Jeff Wambugu was born in Kenya in 1975 – in Karura Location, Kiambu District – only a few miles/kms from Nairobi. In 1981 he joined Kirangari Primary School and in 1991 was admitted in Kamahuha Secondary school. In 1995 he completed his secondary school education.
After school he worked on the farm as well as learned landscaping. He knew his talents lie in something more creative and started sign writing. Jeff Wambugu later met some artists from whom he drew inspirations. His work reflects daily life. His favorite subjects are street life and market scenes – all that is happening around him.
Wambugu comes from a family of talent, with the Late Alex Mbugua as his brother. He also eventually found a family of fellow artists at Banana Hill, where he started to think about the value of his art, and where it can take him. Inspired by his brother’s passing in both emotional and spiritual ways, Wambugu continues to carry the torch in his family for artistry that is hoped to go on for more generations. More Bio Below.
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Jeff joined the Banana Hill Art Studio in 1999 where he got a lot of exposure under the stewardship of Shine Tani.
It was through Banana Hill Art Studio and Shine that Jeff attended his first workshop with the Kuona Trust in 1997.
When asked to comment about his work Jeff stated that he sees himself as a man trying to give hope to the society.
“I started off painting scenes from the bible; now I am busy trying to give inspiration and hope to the society through art. My work is a spiritual… spiritual something; it is like sad music. You are trying to reach people, to send a message to people. These are sad tunes; my work is a wailing against the things one sees all around like injustice and diseases. It is, like what I am having right now (pointing at his split upper lip from a recent mugging) – insecurity. My pieces do not depict these I use a hidden message and it is up to you to see what I am alluding to. I am not direct but indirect I am trying to console the people. I do not paint just for the sake of painting. I paint to give a message, a message of hope. There is a beauty expressed in the people I paint and their style, their good form, is a sense I try to celebrate with my viewers. That is why, like most artists, I paint women. It has to do with their contours and feelings.”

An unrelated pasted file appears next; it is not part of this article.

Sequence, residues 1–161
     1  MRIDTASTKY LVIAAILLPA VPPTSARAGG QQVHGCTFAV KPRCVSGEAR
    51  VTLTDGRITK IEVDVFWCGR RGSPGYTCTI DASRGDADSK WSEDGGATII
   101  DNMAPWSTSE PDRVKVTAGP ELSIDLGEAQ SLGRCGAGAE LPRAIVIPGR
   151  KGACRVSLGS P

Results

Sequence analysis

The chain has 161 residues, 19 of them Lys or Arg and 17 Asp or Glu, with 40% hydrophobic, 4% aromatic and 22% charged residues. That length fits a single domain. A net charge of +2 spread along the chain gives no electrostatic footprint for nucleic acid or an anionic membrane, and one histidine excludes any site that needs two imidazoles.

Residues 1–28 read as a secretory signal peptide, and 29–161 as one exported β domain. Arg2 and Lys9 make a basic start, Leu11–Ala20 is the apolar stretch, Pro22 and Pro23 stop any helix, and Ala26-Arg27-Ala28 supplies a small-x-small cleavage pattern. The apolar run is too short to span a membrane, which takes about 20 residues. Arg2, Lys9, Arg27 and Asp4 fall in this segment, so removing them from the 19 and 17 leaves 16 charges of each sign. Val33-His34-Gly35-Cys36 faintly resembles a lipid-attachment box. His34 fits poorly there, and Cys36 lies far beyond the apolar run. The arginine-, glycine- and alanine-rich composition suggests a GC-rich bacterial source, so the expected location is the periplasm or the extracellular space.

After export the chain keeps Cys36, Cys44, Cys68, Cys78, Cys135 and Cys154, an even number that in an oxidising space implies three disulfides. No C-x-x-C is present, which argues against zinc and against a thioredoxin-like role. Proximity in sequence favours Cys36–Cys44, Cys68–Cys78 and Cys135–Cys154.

It is in the light of this that Jeff wants his Misty Morning viewed. There is a lot of white that Jeff uses to represent the hope and sadness. This the sum total of the things that constitute us not one or the other. There are three figures, two women and a man, emerging from the mists. The woman with a bent head expresses sorrow while the other represents the joy of life. The man, Jeff insists, represents a mood in between joy and sadness. A fourth mysterious figure, that can be a man or woman, is a personal mythical figure; someone giving them protection. Jeff gives different sides of the story of life in a symbolic form that can, hopefully, be summarized as Hope. The title is Misty Morning, Jeff says, because it is “something usable, some spiritual out flowing”.
Jeff’s women are not your regular dreamy male artists’ all curves and stuff. They are graceful rectangular blocks and at times not easy to differentiate from the men. Jeff says he is painting women expressing their beauty, their style and fashion and not for any wistful aesthetics.
Jeff’s preferred colours are white, just a little blue, a lot of yellow orchre and burnt sienna as used in this painting. He mixes his black from burnt sienna and blue and never uses black directly applied from the oil tube.
If people say that Jeff imitates Jak Katarikawe he is not too worried about it: “It is true”, he says, Jak is my mentor. The first time I went to Watatu Gallery what struck me most was the work of Jack. I like the way he uses white to harmonise his canvases and the way he uses his colours, is spiritual. I also like Michelangelo and Raphael.”